Is your image of Lodi, California, wine fixated on Zinfandel or the song Stuck in Lodi Again? It is time for a reset.
Sure, There Is Zin, But So Much More
If you ask someone the first thing that pops into their mind when you say Lodi, there could be two responses. A music lover might stay “Stuck in Lodi Again,” a song by Credence Clearwater Revival a few decades ago. A wine lover would certainly respond with “Zinfandel” as I did prior to my visit there for the 2016 Wine Bloggers Conference.
No surprise there. Lodi crushes more than 40% of California’s Zinfandel crop. Many of the existing Zinfandel vineyards were first planted back in the 1880s to early 1900s. It has garnered the title of “Zinfandel Capital of the World.”
But in addition to its hearty Zin, it is also produces diverse grape varieties from around the world. Current plantings include: Albariño and Tempranillo (Spain), Touriga Nacional and Tinta Cão (Portugal), Kerner and Zweigelt (Germany), Barbera and Sangiovese (Italy) and Cinsault and Picpoul Blanc (Southern Rhone). That’s just to name a few.
Lodi has been growing winegrapes since the mid-1800s and today is California’s largest appellation with 190,000 acres in production. The Lodi AVA is a leading producer of Viognier, Chardonnay, Merlot and Cabernet Sauvignon winegrapes.
The Wine Bloggers Conference (WBC) kicked off with a reception at Mohr-Fry Ranches – a picturesque 225-acre ranch comprised of nine separate blocks of own-rooted, head-trained Old Vine Zinfandel along with blocks of 11 other winegrape varieties like Alicante Bouschet, Cabernet Sauvignon, Sangiovese, and Sauvignon Blanc, heirloom beans and cherries. The event burst the misconceptions anyone may have had about Lodi. Wonderful Zinfandel abounded, but the breadth of the wine types was impressive.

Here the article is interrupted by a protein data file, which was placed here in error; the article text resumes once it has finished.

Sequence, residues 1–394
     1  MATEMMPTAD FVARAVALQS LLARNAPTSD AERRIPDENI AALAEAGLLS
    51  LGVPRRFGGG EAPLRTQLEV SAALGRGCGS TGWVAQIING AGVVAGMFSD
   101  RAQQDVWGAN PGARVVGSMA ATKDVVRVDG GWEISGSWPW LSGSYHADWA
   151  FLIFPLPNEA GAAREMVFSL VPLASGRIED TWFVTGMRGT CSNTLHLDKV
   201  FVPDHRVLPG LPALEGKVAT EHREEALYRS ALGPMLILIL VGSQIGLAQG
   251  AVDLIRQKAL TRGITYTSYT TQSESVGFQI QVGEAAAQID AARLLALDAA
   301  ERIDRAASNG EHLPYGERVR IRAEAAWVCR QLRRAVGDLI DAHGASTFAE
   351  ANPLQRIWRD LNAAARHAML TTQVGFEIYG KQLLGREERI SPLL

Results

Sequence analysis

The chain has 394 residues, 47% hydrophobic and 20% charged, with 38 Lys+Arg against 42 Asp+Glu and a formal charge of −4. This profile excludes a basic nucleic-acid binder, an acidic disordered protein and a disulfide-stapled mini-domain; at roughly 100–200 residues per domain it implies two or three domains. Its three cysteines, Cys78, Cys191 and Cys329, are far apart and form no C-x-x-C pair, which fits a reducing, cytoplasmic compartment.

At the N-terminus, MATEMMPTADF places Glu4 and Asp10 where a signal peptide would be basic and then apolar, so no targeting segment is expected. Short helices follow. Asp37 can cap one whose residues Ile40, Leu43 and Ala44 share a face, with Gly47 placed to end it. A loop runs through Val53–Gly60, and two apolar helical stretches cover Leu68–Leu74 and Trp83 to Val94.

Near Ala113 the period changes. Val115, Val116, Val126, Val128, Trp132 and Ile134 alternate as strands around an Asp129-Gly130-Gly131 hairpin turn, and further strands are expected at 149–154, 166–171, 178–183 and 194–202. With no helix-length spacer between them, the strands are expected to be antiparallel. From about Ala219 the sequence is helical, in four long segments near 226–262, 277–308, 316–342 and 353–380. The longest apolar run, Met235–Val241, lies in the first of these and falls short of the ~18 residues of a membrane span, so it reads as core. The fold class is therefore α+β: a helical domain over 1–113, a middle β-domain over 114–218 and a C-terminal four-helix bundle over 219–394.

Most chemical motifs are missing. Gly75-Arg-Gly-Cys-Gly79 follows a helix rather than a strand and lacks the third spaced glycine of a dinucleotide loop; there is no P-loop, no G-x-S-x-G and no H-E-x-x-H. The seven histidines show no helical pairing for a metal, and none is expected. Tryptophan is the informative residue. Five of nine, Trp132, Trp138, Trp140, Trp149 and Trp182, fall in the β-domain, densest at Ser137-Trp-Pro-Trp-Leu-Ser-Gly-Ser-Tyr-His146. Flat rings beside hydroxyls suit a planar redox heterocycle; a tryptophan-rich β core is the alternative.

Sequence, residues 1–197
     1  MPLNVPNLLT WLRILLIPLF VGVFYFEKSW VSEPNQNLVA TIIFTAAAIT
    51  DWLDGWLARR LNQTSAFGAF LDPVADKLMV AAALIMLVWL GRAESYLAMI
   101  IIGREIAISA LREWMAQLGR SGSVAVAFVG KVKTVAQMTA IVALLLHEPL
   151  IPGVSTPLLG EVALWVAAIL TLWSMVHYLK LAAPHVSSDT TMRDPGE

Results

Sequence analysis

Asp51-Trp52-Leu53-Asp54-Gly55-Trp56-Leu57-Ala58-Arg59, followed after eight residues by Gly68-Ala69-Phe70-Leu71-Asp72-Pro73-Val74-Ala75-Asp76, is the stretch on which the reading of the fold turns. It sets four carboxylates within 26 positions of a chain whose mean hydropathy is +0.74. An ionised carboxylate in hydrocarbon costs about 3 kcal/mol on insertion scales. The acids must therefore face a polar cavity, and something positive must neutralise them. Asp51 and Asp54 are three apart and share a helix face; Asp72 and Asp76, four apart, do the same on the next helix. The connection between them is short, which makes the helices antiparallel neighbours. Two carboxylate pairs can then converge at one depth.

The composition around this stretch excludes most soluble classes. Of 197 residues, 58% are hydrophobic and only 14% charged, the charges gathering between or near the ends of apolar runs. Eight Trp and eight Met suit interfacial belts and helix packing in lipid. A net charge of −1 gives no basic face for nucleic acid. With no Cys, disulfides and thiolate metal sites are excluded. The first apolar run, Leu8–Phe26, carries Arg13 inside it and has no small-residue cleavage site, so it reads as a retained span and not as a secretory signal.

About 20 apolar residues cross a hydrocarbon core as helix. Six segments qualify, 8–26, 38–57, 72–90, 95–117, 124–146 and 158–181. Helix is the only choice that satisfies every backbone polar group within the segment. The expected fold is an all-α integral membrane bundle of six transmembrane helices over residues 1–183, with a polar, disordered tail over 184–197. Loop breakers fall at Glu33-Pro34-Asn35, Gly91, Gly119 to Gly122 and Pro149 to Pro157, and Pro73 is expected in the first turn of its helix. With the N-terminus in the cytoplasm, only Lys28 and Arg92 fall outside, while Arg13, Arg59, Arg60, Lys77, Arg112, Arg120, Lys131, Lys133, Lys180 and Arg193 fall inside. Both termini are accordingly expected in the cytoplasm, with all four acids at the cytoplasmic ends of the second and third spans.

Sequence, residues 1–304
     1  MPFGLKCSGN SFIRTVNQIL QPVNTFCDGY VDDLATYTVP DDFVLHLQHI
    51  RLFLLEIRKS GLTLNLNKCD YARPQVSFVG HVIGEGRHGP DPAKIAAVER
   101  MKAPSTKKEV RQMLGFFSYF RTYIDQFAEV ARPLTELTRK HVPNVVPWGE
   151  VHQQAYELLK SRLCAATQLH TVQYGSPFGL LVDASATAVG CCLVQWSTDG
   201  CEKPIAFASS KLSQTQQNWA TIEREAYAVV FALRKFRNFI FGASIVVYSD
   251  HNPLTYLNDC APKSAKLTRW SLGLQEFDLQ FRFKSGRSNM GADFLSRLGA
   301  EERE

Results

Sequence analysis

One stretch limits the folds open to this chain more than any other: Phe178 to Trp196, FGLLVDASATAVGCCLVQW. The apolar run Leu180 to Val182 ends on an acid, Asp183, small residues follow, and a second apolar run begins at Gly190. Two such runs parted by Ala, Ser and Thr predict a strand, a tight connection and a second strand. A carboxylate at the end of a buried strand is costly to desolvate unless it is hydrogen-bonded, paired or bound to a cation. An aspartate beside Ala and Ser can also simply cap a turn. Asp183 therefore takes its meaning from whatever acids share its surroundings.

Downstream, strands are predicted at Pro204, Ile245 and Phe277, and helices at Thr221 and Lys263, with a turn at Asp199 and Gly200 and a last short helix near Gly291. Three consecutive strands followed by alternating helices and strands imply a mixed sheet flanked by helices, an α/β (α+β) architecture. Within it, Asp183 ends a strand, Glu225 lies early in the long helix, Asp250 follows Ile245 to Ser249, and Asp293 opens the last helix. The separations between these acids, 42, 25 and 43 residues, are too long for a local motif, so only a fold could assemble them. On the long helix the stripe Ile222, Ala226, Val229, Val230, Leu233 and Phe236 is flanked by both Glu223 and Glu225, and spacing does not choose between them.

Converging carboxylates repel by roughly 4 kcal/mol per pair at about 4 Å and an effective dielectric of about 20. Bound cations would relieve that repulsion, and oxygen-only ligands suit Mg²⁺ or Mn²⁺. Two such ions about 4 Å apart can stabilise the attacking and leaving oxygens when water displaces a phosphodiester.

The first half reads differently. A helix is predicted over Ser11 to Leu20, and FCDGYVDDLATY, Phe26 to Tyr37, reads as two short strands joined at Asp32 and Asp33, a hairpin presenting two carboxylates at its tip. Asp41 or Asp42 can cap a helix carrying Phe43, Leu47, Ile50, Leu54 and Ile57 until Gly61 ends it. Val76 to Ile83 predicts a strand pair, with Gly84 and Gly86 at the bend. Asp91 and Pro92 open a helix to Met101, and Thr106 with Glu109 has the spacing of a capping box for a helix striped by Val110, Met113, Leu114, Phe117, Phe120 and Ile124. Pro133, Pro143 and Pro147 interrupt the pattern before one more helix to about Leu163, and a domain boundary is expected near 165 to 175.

With 85 wineries and more than 300 wine labels, Lodi knows a thing or two about wine. More than 2 million people visit Lodi each year. It's located 90 miles east of San Francisco and 35 miles south of Sacramento, and is establishing a reputation as a world class wine destination.
On the opening day of WBC Panelists Aaron Lange, Vineyard Manger of Langetwins Winery, Kevin Phillips, Vice President of Operations at Michael-David Winery and Markus Bokisch, Owner/CEO/Vigneron at Bokisch Vineyards presented a history of Lodi winemaking.
Their backgrounds present a snapshot of the diverse Lodi wine scene. Aaron is a fifth generation wine family, Bokisch Vineyards is a small producer of 5,000 cases of wine from Rhone and Spanish varieties. Michael David, meanwhile, is on track to produce 650,000 cases of wine this year.
Lodi is a region that was able to reinvent itself, transitioning from table grape and bulk wine production to taking fuller advantage of the terroir. The region’s natural environment has always been conducive to an enormous quality of top quality wine grapes.
The AVA boasts the first third-party sustainable grape growing certification program, dubbed Lodi Rules. This is a practice based program with more than 100 sustainable farming practices that take a holistic approach to farming. Twenty-five wineries are currently producing wine that bear the Lodi Rules seal on their labels.
The Proof Is In The Bottle
The last thing I expected in Lodi is the first thing I found – an eclectic collection of wines made with grape varieties spawned around the world. Homage is paid to Old Vine Zinfandel to be sure, but Acquiesce delivered a delicate and delightful Picpoul Blanc. Harney Lane highlighted a Tempranillo and Albariño. Just a few months ago I visited Spain, and this pair wouldn’t be out of place. Turley produces a wonderful Bechtoldt Vineyard Cinsalut, which was the hit of the opening reception for me.
More familiar grapes shone as well. Lucas presented their expressive and elegant 2001 Chardonnay. PRIE offered a mind-blowing 2012 Reserve Old Vine Zinfandel. We were hosted at the closing dinner by m2 Wines owner and winemaker Layne Montgomery. We were enchanted by his wines, especially his emtwopointone 2014 Zinfandel.